The two advertising titans in Facebook and Google both continued to show strong growth in revenue due to the increasing power of mobile advertising. Mobile ads are dominant, and these two behemoths are pulling the world along with them as they demonstrate the marketing force behind mobile.
Mobile has become the most popular way to access the internet worldwide for the first time, surpassing desktop computers, according to data released by StatCounter. Their figures show that 51.3 percent of all web visits came from mobile devices, compared to 48.7 percent of web visits from desktop devices. The balance is still with the desktop in the US, though, with 58 percent of visits from desktops versus 42 percent from mobile. Still, it’s easy to see that as the trend continues, mobile will become the primary way to access the internet even in the US.
Facebook delivered extraordinary results for its third quarter, with $7.01 billion in revenue and a very impressive $2.379 billion in profit. Comparing the results to the same quarter last year, Facebook saw revenues go up 59 percent, with profits up 160 percent over the same quarter last year. Of that total revenue, $6.8 billion came from advertising, with 84 percent (or $5.7 billion) from mobile.
Compare this to the Facebook of days gone by, when revenues from games like Zynga’s social games made up the bulk of Facebook’s revenue. Facebook successfully transformed itself into an advertising engine, first on desktop and now on mobile. The company has compiled over $26 billion, plenty to fund its research efforts on things like Oculus, and providing inexpensive internet access to the world (over 40 million people have now connected through Internet.org).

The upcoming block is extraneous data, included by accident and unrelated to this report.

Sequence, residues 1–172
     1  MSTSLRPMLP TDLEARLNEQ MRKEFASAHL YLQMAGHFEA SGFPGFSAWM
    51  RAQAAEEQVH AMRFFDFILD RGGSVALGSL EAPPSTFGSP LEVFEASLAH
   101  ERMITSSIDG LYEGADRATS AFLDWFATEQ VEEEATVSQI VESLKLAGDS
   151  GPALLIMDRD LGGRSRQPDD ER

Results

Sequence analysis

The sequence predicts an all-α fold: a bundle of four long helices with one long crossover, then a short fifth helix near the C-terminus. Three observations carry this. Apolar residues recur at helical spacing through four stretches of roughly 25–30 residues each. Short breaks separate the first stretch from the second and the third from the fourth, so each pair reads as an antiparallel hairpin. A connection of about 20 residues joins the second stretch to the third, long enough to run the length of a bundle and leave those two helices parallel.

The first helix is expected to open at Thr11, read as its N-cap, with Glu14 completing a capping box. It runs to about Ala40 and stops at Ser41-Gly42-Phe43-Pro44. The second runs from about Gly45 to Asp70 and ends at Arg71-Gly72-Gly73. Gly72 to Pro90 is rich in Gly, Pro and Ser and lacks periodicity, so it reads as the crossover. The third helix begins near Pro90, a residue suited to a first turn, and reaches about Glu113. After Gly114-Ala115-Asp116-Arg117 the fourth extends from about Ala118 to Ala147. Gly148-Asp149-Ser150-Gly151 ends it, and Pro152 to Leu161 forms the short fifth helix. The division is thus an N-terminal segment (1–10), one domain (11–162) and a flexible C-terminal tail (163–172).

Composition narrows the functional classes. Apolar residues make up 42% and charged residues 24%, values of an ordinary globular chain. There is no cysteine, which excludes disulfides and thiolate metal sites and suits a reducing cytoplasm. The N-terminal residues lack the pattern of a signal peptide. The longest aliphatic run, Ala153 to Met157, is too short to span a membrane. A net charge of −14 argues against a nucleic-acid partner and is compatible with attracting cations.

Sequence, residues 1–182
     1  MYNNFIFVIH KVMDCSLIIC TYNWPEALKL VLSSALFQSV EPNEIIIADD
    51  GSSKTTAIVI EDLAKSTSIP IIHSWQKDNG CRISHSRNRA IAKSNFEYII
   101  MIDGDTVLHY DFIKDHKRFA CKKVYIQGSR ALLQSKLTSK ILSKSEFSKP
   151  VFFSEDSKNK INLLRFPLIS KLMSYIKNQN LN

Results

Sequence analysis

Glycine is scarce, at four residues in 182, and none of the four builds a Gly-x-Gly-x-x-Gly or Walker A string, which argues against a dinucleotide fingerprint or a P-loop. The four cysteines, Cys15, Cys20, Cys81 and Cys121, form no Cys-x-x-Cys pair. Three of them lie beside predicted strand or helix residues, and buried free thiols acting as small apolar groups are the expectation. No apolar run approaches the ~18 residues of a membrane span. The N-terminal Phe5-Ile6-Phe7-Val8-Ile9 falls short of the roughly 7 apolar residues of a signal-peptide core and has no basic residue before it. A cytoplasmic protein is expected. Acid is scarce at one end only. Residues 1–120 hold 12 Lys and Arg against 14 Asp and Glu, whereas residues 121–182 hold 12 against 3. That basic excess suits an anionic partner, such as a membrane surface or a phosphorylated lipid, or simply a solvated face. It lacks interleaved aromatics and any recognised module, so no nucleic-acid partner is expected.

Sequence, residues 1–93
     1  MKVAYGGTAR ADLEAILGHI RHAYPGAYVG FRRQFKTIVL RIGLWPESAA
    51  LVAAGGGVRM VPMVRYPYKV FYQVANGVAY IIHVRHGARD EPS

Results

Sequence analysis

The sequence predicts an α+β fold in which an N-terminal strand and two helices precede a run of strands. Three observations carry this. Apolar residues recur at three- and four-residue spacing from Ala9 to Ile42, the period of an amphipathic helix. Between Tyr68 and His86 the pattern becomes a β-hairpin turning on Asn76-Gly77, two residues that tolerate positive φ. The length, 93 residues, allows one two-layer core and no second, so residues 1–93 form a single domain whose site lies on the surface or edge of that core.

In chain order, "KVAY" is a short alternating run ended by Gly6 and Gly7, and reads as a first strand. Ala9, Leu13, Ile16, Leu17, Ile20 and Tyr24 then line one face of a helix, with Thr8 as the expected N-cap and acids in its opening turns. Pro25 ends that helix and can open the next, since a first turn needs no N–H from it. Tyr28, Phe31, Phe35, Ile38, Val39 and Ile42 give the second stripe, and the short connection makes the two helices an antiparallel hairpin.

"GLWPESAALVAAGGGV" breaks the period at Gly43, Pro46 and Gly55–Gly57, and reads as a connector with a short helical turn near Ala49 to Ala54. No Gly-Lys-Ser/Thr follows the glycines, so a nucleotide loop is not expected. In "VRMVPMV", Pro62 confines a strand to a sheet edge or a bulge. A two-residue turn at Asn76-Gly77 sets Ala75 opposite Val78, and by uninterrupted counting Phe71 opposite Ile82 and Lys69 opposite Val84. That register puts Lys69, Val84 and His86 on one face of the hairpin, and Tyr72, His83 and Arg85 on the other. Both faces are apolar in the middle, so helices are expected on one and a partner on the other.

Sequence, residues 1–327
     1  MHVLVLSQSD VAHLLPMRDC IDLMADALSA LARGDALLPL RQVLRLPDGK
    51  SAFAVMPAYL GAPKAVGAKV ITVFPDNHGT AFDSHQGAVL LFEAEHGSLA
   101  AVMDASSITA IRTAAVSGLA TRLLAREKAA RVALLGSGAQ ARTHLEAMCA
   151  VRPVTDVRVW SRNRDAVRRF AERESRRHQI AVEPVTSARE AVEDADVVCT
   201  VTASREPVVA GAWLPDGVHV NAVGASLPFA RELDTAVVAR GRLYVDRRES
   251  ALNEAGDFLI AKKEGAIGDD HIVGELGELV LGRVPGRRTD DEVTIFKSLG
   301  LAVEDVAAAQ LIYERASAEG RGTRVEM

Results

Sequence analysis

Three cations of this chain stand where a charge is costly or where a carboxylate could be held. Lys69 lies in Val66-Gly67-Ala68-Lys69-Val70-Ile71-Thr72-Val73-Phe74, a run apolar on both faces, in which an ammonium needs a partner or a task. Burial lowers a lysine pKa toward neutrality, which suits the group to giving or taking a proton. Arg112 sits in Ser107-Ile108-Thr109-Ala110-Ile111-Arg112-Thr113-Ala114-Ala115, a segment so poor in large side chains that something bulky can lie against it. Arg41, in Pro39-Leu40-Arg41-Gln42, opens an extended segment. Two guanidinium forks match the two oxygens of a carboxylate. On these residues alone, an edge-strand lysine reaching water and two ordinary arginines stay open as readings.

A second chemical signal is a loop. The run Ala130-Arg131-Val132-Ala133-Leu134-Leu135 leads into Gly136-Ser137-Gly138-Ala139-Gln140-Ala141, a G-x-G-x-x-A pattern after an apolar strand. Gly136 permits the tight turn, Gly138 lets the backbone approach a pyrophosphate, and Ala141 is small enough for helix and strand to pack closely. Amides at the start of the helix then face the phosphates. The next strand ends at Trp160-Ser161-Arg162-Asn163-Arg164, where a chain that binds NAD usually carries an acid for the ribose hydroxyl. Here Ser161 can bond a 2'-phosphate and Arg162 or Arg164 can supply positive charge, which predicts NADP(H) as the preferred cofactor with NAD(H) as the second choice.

Facebook accomplished all this with its 1.79 billion monthly users, which has grown 16 percent since last year (and nearly 5 percent this last quarter). Daily active users were up 17 percent over last year to 1.18 billion. On mobile, Facebook is doing very well: 1.66 billion mobile monthly active users, up 5.7 percent from last quarter, and 1.055 billion mobile-only users.
One other notable fact for marketers about Facebook’s results is that desktop ad revenue grew 18 percent from the same quarter last year due to Facebook’s success in thwarting Adblock Plus and other ad blockers.
Facebook’s chief financial officer David Wehner said, “On ad blocking, in terms of the impact I would just point out that this quarter we had 18 percent year-over-year desktop revenue growth. If you look at recent quarters, it was about half of that growth rate on a year-over-year basis. So that increment, that acceleration in desktop revenue growth is largely due to our efforts on reducing the impact of ad blocking. So that’s what led to the acceleration of desktop revenue growth.”
Meanwhile, Google, now known formally as Alphabet, also turned in impressive financial results. Overall, the company reported revenue of $22.4 billion, up 20 percent over the same quarter last year, with net income of $5.06 billion. Both numbers handily beat analyst estimates, with the net income 27 percent higher than the previous quarter.